Part of it is making sure that you do not back yourself into a corner. If you are unable to afford the cost of taking on a new client — be it from studying, from sacrificing family time, or if it requires you to be in another geographical location for an extended period, then it may not be worth it.
For me, it is about balancing all those aspects. There will be times when I am going to be extremely busy all the time, but my wife and daughter know how to adjust accordingly. When changes come, make sure we apply strategic communications to our families as well.
Are there any future plans that you are looking forward to for Denarius Consulting?
Yes, Denarius Consulting will continue to be a two-way bridge between Western and Asian countries, and these days it is helping Asian companies expand into the West.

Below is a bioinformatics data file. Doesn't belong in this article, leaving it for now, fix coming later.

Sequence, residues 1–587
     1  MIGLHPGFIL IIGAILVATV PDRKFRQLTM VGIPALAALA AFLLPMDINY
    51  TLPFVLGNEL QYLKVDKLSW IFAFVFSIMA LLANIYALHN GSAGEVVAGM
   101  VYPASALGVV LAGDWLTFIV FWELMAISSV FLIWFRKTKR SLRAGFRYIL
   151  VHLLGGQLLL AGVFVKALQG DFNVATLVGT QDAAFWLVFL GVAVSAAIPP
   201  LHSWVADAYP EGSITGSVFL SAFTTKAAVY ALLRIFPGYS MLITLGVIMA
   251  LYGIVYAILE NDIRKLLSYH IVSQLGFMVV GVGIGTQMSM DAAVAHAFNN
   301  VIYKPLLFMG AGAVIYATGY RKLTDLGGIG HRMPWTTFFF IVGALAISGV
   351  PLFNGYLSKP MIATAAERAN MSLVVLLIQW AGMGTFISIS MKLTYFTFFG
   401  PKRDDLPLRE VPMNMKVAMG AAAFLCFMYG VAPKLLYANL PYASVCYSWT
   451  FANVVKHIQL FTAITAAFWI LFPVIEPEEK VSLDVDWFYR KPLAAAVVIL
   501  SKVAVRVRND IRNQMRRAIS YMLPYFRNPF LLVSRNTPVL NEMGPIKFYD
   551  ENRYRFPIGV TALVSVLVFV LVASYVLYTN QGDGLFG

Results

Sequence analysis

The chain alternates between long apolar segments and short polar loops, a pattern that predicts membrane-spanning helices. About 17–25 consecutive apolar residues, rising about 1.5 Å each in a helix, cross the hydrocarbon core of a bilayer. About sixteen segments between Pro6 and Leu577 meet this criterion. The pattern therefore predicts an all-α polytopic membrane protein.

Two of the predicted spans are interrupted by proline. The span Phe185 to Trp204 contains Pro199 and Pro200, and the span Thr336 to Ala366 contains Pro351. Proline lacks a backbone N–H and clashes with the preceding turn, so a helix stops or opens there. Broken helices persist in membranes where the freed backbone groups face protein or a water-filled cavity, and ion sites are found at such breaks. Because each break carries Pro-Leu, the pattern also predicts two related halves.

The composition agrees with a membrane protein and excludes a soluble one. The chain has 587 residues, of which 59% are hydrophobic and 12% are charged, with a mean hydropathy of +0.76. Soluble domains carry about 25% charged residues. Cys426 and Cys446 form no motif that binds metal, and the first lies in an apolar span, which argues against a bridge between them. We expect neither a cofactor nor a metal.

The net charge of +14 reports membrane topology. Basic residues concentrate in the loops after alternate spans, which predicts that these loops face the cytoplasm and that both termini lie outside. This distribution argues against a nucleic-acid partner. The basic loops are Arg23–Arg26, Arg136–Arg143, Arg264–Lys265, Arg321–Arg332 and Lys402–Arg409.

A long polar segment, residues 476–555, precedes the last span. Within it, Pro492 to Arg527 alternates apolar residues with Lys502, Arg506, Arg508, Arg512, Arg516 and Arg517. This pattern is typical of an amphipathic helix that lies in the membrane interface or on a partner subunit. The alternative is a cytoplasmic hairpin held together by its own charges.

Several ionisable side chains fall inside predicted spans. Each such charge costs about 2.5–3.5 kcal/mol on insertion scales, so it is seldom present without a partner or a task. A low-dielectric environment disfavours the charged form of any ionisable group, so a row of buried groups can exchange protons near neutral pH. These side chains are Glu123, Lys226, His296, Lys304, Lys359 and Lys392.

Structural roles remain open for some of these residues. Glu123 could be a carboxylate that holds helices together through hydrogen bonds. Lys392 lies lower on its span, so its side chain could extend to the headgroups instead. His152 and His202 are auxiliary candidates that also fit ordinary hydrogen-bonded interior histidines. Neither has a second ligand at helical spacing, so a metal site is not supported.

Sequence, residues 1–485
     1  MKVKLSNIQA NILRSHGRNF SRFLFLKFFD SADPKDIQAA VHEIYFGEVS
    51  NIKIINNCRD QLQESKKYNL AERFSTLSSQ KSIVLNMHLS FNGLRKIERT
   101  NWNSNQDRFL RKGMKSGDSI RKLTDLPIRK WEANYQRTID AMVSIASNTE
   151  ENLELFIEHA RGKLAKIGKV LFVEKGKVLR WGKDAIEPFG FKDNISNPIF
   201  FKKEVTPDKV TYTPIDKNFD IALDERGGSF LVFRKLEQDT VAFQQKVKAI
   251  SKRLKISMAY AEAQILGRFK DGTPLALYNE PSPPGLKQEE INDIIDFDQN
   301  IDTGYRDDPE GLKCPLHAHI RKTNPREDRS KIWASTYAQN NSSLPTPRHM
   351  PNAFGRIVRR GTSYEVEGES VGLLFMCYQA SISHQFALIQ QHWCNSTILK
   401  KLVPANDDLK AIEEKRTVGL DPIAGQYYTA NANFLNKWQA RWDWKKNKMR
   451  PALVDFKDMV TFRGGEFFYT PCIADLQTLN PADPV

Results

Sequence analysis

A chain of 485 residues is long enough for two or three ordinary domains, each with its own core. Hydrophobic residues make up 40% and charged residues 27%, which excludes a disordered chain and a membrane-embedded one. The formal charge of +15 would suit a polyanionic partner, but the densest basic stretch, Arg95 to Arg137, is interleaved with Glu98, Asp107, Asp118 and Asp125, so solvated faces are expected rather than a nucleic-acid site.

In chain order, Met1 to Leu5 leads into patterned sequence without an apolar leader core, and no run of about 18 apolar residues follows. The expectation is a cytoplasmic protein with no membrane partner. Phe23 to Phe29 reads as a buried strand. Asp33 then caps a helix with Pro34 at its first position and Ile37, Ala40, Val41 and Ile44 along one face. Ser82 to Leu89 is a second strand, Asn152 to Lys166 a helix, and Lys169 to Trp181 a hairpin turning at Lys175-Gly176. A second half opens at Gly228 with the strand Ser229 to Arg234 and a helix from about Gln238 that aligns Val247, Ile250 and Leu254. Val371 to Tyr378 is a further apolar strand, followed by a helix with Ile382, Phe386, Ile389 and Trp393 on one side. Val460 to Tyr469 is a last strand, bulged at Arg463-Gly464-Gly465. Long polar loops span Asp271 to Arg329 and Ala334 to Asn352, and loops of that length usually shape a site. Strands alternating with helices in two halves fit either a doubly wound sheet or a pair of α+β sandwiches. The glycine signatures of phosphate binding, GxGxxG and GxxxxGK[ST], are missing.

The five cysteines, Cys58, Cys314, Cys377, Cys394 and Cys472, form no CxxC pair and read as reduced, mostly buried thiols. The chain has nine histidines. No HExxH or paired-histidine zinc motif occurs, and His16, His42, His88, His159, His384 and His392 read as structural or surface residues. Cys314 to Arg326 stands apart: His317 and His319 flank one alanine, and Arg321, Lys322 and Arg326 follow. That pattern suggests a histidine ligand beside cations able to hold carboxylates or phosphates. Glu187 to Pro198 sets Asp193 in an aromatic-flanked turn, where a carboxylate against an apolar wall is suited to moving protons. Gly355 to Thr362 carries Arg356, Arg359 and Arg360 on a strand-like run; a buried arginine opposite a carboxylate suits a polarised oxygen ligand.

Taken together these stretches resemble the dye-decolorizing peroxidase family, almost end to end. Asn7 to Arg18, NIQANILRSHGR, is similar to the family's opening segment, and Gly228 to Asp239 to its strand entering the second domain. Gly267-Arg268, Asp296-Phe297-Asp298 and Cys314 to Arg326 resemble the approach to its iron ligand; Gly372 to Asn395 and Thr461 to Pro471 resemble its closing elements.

Moving forward, the biggest differentiator will be coming from my PhD. If I am able to figure out and assist clients on navigating the cultural landscapes before layering on the business elements, it will save tremendous time and effort, thereby providing great value for our clients.
The Suite Spot is Socium’s series of interviews that look into the minds of C-suites. What drives their business strategies and their decision-making process? What role does communications take in their plans and what is their impact on the organisation’s success? Last but not least, how do these leaders walk the talk?
Find out more in conversation with C-suites with Socium’s Suite Spot.